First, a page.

This short blog post is written by ArtCenter College of Design Interaction + Designmatters Concentration student, Kelly Weldon about her recent internship with Little Sun in Berlin. As a designer, Kelly aims to create work that changes the lives of people for the better. To learn more about Kelly and her work, please visit kellycorin.com
Little Sun is a social business and global project addressing the need for light in a sustainable way. It benefits communities without electricity, creates local jobs, and generates local profits. For every solar lamp bought on-grid, one lamp can be sent off-grid to be sold at a locally affordable ,price. Rather than a short-term fix of donating lamps to an area without electricity, Little Sun works with and trains local entrepreneurs to build profitable local businesses that distribute Little Sun solar lamps. Because for Little Sun, “it’s not just about delivering light to people – it matters how it gets there.”
I found Little Sun during a study abroad program with ArtCenter in Berlin. As we were living “unplugged,” we toured Studio Olafur Eliasson. Not only was I inspired by the work happening in the studio, but I was also intrigued by the little solar lamps that Olafur had designed and turned into a social business. When I got an e-mail from ArtCenter that Little Sun was looking for interns, I didn’t hesitate to apply. With help from Designmatters, I was in Berlin as a Little Sun Communications Intern four weeks later.
Working for Little Sun has been a brand new experience — I’ve gotten to live in a city I love and that inspires me every day, while figuring out if I can really work in a “start-up” environment and in the business of designing for social impact. We worked on projects in the art world, education, retail, and many other areas. Working in an office of 20 (and growing) people was definitely something I had to adjust to. There is an ever flowing need of content from both on-grid and off-grid areas of the business, while we also needed to keep up with social media and web presence, and try to spread awareness of the project. During my first week I even helped with Little Sun’s Kickstarter project for their newest product, Little Sun Charge, which is a high-performance handheld solar phone charger and light. I got to watch as we soared past a goal of €50,000 to reach €265,448, making it possible to send hundreds of chargers to off-grid areas.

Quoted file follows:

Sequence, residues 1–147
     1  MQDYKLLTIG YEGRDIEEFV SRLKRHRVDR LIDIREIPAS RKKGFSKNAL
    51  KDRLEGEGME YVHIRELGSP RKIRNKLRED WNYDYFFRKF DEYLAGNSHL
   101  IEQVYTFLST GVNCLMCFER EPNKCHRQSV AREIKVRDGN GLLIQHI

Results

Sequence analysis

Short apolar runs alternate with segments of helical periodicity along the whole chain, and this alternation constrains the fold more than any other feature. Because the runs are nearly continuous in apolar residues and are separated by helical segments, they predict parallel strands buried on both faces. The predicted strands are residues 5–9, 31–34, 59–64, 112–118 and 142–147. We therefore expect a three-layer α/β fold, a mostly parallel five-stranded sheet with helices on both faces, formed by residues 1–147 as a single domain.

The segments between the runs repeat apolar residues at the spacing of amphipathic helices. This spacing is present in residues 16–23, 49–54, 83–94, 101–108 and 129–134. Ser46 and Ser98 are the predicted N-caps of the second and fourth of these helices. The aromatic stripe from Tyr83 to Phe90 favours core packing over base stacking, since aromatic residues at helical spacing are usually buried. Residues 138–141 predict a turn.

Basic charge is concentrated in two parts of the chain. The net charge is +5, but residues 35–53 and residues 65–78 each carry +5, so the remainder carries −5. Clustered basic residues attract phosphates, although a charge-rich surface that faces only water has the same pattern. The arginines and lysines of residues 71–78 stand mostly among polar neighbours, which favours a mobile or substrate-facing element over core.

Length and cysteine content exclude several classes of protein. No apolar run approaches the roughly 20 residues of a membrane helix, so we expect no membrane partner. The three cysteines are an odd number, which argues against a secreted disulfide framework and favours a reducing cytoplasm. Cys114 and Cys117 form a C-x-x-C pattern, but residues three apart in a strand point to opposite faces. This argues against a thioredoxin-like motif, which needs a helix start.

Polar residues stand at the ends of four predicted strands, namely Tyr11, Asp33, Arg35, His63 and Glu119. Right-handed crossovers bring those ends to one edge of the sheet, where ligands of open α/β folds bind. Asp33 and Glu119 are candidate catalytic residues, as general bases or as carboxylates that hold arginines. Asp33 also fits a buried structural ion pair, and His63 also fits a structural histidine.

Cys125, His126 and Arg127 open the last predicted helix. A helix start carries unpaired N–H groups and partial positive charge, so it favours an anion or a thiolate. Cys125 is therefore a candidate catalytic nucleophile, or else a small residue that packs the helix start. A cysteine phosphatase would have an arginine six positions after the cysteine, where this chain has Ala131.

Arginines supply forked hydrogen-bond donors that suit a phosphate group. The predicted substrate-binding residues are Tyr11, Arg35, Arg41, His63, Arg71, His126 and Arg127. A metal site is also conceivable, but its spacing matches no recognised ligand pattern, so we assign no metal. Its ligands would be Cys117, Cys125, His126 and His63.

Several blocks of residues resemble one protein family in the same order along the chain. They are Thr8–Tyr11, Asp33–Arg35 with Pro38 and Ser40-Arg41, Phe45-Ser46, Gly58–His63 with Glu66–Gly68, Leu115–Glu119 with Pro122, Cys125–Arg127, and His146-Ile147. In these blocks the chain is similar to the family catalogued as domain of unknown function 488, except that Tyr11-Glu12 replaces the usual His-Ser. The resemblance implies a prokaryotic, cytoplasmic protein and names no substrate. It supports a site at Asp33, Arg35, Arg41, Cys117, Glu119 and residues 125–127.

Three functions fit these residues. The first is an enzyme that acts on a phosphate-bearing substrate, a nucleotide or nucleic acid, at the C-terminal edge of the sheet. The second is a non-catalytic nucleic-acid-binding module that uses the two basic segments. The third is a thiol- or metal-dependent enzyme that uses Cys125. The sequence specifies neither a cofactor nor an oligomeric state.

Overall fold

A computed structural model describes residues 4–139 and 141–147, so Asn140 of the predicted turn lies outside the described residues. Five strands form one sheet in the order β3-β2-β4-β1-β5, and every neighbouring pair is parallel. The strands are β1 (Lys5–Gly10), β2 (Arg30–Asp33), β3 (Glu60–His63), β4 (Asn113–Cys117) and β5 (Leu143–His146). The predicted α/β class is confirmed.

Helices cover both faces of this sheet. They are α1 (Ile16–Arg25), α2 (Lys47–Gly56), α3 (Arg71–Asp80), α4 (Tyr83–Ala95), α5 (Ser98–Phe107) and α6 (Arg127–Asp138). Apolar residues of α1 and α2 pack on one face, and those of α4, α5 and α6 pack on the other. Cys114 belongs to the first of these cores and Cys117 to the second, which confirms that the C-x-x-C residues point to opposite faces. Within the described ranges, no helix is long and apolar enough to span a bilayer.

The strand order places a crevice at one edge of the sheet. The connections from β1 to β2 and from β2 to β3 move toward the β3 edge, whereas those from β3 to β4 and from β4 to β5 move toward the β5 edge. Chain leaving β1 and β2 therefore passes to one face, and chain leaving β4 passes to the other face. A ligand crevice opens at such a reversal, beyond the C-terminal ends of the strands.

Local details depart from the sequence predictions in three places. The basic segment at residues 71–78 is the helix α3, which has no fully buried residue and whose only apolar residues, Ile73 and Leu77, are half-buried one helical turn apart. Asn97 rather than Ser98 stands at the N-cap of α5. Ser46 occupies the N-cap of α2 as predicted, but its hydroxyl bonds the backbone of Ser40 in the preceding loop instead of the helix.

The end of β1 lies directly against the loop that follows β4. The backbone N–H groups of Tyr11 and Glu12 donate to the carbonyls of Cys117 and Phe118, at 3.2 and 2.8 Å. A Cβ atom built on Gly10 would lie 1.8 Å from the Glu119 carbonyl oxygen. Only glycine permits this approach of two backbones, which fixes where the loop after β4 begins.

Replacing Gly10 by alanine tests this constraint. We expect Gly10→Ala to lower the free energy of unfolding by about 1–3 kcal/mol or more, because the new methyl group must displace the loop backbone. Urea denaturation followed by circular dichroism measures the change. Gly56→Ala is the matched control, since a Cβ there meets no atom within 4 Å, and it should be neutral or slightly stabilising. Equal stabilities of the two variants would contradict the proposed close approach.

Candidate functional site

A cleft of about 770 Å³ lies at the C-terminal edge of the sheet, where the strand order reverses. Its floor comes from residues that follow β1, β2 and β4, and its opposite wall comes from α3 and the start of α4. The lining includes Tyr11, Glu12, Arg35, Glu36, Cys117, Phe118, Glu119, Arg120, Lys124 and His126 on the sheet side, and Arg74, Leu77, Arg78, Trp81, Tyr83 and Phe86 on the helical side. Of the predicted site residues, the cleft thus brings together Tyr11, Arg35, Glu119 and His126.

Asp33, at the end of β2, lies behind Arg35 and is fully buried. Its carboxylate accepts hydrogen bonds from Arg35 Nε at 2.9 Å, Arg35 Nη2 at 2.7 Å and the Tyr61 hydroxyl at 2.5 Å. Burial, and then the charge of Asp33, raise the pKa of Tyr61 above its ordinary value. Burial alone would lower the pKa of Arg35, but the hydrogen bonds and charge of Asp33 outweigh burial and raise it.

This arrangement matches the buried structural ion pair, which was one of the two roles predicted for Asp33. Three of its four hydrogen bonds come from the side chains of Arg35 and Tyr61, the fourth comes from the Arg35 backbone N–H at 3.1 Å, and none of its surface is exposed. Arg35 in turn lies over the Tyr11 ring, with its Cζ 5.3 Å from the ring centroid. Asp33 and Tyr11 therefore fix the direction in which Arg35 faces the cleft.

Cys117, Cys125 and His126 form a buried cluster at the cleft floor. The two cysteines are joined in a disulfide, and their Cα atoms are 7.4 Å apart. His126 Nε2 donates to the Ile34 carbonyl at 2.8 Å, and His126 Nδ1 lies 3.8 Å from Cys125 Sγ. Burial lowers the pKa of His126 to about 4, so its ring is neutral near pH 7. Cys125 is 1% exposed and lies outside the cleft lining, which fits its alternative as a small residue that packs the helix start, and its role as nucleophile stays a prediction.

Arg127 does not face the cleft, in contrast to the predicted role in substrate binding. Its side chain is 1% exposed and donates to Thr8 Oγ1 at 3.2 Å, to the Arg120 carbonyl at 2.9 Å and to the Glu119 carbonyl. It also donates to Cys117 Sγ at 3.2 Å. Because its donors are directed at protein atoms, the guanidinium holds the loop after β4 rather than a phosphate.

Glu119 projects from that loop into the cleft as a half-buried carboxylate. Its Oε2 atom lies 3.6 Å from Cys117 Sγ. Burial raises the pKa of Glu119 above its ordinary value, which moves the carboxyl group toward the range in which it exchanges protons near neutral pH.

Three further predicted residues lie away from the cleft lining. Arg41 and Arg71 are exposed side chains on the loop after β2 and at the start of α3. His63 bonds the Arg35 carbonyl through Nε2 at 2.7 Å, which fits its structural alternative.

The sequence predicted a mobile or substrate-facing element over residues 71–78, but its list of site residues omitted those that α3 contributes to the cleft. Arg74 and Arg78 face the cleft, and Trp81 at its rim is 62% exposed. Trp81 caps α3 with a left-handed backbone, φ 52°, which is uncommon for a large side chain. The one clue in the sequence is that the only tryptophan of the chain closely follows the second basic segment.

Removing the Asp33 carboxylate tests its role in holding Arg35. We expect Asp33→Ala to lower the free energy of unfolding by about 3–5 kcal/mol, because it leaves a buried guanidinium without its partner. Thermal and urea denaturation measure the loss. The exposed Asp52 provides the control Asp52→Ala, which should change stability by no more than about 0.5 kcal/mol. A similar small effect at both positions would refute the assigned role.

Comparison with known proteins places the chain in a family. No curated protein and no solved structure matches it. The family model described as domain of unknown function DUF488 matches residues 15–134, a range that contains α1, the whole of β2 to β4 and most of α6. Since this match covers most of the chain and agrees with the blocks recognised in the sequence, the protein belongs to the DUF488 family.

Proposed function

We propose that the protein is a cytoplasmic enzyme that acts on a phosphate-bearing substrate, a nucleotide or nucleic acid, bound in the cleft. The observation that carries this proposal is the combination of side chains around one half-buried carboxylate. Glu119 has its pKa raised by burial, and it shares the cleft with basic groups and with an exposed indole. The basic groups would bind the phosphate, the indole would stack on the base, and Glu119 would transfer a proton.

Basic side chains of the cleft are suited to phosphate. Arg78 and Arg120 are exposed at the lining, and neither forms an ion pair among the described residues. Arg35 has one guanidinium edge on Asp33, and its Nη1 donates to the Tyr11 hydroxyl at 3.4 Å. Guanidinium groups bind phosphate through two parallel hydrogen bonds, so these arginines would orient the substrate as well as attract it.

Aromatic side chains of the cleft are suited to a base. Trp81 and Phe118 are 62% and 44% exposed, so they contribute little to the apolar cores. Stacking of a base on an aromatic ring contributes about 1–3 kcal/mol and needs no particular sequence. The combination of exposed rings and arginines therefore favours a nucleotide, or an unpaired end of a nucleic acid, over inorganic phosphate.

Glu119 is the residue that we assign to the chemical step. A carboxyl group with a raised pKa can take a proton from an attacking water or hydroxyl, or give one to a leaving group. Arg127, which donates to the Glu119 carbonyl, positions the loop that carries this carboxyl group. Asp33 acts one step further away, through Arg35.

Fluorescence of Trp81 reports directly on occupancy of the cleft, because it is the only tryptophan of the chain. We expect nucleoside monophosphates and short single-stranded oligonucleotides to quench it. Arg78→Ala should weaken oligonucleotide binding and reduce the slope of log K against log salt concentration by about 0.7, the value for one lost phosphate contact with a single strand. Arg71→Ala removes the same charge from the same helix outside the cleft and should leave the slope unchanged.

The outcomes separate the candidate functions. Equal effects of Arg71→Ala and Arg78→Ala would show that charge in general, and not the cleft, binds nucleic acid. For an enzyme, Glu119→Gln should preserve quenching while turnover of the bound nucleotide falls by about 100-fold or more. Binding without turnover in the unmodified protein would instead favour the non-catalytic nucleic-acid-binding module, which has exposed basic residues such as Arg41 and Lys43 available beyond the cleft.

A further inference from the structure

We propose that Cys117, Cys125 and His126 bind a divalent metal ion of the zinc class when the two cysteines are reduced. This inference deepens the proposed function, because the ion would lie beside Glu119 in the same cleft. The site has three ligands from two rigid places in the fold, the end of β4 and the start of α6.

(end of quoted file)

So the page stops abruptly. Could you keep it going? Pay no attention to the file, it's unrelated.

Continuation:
And though it was the busiest job I’ve ever had, it has also been the most rewarding. Every time we created work, we got to see the direct effect it had on our followers and our customers. When you’re working with a small team toward a common goal, it’s more possible to stay constantly inspired.
Incredibly, I was also able to travel with Little Sun. Three of us from the Communications team traveled to Paris at the end of November for the COP21 climate negotiations being held there. We were there to support Studio Olafur Eliasson’s “Ice Watch” project, but also to engage in a photo campaign. We walked around the streets of Paris, asking people what their #LittleSolutions were for climate change. Everyone seemed eager to participate, and we got a really positive response from all of our social media platforms. Emotions and tensions were high in Paris in the previous weeks, and something as pivotal as COP21 really brought a positive feeling to the City of Light.
I’ve taken away a lot from working with this project. I can say that I have grown as a designer, because I know that I can work with quick deadlines and heavy content while still producing quality work. I can say that I have grown as a person, because my co-workers always gave me positive feedback and helped me improve in many ways. Finally, I can say that I belong in the Designmatters program, because there’s no better feeling than knowing the work you’re doing is making a difference in the world– for the better.
Please join the project or find out more by keeping up with Little Sun online.
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